An update on the new vaping regulations
Posted on October 9, 2020
THE THERAPEUTIC GOODS ADMINISTRATION held some webinars this week to update stakeholders on the new regulations on vaping and nicotine. The news from Professor Skerritt (pictured) was mixed.
The proposed regulations are based on the changes to nicotine in the Poisons Standard announced in the interim decision on 23 September 2020. Submissions are now open for further comments on this decision until 6 November. A final decision from the TGA is due in mid-December. The changes are then expected to be introduced on 1 April or 1 June 2021.
The good news
- It will be easier for doctors to prescribe nicotine than originally proposed. Doctors can apply once for an authority to write prescriptions for nicotine, which will be valid for 5 years under the Authorised Prescriber scheme. Approval for each individual patient will no longer be needed. The prescription will be valid for 12 months.
- There are no limits on the nicotine strength, flavours and format of e-liquids imported eg pods or bottles. However, this could change and further restrictions may be included in the final decision in mid-December.
- The TGA is planning to have training for interested doctors and pharmacists
- If your local pharmacy does not stock nicotine liquid, you may be able to purchase it from an online pharmacies.
The bad news
- The TGA is committed to a prescription model because of safety issues from vaping and nicotine, the teen vaping ‘epidemic’ and because visiting a GP could also provide extra support and advice to aid the quitting attempt.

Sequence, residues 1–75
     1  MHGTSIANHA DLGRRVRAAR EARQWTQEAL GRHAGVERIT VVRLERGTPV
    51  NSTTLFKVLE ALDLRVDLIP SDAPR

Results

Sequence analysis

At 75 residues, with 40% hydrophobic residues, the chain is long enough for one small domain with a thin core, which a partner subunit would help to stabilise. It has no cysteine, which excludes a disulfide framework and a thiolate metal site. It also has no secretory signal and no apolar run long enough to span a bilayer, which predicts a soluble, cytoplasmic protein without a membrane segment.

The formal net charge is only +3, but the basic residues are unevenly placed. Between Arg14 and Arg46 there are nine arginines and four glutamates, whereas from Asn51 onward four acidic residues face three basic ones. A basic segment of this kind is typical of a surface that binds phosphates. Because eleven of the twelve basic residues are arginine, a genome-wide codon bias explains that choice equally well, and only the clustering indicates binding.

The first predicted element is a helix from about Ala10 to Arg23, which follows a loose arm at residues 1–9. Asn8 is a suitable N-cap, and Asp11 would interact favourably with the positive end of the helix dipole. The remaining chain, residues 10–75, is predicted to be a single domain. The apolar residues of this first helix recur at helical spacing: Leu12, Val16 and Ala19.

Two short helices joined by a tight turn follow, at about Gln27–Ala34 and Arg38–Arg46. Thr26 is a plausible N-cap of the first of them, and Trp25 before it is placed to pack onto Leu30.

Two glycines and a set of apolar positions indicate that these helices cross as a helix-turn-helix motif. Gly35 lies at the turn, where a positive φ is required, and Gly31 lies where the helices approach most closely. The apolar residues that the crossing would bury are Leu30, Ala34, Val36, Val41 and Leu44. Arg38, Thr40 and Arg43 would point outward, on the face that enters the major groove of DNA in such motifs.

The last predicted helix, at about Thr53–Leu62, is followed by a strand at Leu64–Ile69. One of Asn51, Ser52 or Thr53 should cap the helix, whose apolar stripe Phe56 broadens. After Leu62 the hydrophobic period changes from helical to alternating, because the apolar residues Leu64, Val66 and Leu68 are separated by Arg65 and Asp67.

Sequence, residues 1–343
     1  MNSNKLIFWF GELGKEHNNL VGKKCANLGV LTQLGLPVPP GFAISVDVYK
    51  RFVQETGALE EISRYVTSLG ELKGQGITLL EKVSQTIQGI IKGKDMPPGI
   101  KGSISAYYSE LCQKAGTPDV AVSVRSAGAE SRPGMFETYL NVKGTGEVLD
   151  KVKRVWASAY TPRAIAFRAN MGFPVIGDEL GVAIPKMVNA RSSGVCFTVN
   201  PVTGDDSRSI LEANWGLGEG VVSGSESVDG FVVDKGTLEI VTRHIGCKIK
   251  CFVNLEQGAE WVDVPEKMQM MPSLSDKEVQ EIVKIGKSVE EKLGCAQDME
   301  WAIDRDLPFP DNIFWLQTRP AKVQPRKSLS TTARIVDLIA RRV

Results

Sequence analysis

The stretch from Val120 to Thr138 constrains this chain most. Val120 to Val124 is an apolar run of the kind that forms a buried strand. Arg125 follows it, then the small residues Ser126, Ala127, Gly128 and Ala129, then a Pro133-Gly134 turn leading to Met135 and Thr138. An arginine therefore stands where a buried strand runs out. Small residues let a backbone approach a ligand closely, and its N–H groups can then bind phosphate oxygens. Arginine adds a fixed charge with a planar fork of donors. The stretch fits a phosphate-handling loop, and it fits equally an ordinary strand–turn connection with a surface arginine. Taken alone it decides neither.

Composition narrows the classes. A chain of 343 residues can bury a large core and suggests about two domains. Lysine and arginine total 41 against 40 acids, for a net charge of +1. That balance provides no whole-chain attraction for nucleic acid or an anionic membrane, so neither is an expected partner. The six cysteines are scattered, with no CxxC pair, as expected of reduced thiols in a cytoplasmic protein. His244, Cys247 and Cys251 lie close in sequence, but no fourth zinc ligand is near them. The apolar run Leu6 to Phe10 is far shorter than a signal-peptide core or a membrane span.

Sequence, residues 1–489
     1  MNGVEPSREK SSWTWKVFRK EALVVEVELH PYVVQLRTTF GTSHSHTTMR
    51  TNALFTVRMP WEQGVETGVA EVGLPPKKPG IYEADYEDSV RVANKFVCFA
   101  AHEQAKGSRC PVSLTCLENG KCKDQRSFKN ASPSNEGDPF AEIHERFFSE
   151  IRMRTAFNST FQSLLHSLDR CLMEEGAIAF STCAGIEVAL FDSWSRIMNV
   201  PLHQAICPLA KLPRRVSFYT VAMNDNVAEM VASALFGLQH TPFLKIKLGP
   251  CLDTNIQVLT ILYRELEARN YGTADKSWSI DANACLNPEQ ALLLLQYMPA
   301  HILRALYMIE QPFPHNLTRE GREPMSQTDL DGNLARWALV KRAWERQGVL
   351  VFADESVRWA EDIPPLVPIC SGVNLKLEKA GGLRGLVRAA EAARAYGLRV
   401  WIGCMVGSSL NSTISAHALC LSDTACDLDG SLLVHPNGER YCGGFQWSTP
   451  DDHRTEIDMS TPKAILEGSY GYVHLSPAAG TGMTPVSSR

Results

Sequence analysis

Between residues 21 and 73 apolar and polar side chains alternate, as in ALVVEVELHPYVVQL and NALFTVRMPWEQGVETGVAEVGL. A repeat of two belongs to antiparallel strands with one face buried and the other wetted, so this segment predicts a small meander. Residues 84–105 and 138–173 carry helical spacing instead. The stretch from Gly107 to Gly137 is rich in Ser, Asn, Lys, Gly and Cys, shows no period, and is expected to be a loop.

- The TGA remains concerned about the ‘great dangers’ of nicotine and vaping. Professor Skerritt raised concerns about child poisoning and claimed that ‘Nicotine is not great stuff’ and ‘is quit a harmful substance’. Most vapers would disagree. In the doses used for vaping, nicotine is relatively benign and child poisoning is extremely rare.
He is convinced that vaping is a gateway for youth and believes the rate of youth uptake is ‘frightening’. Professor Skerritt also said nicotine is harmful to adolescents, although there is no evidence of this in humans (only animals).
- There will be no regulation of vaping product safety or quality as is required in the UK, US and soon to start in New Zealand. This is surprising as Greg Hunt said that child poisoning is ‘primarily caused by imported products of dubious safety and quality’. However, there appears to be no plan to change this.
- The cost of vaping will increase. There will be no international courier costs but there will be added costs from the importer, medical visits and pharmacy markup.
- It is likely that there will be a substantial reduction in the variety of products available. E-liquids will be imported by pharmacy wholesalers or importing companies. You may not be able to get your preferred flavours or prefilled pods.
- Professor Skerritt said that vape shops will still be able to sell hardware and nicotine-free liquids, so business will not be affected. This seems very unlikely.
Currently many vapers purchase flavoured liquids from the vape shop and add their own 100mg/ml nicotine to it. If vapers purchase premixed nicotine liquid from the pharmacy, there will be no need to purchase local juices which vape shops rely on for profitability. It is unclear if 100mg/ml nicotine will be available for importation for DIY mixing.
Make a submission
You can have your say on the interim decision which is available here.
Submissions can be made here. The closing date for submissions is 6 November 2020.
Posted by Colin Mendelsohn, email@example.com